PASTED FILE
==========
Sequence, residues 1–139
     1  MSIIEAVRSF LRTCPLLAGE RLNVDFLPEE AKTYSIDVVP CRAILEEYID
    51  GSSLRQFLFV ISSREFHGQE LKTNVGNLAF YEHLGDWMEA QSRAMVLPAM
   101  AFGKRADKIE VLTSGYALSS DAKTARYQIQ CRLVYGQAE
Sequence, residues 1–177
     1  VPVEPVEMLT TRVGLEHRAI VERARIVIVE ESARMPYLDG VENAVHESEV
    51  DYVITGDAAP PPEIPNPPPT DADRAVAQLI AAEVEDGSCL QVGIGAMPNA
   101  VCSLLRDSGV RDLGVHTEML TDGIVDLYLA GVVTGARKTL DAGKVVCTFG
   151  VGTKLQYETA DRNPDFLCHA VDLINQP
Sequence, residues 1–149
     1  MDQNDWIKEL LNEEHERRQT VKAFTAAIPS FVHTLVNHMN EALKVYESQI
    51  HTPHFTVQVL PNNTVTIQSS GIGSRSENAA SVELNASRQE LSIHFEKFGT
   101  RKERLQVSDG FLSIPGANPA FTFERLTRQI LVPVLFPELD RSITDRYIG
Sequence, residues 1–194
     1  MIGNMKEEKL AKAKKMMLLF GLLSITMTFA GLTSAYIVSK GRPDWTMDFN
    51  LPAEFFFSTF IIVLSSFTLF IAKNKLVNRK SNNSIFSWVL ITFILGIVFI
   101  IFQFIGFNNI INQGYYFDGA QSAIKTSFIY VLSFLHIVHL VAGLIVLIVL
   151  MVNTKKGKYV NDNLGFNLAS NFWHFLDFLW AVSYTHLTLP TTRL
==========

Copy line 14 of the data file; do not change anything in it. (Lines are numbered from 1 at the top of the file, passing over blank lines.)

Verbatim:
Sequence, residues 1–194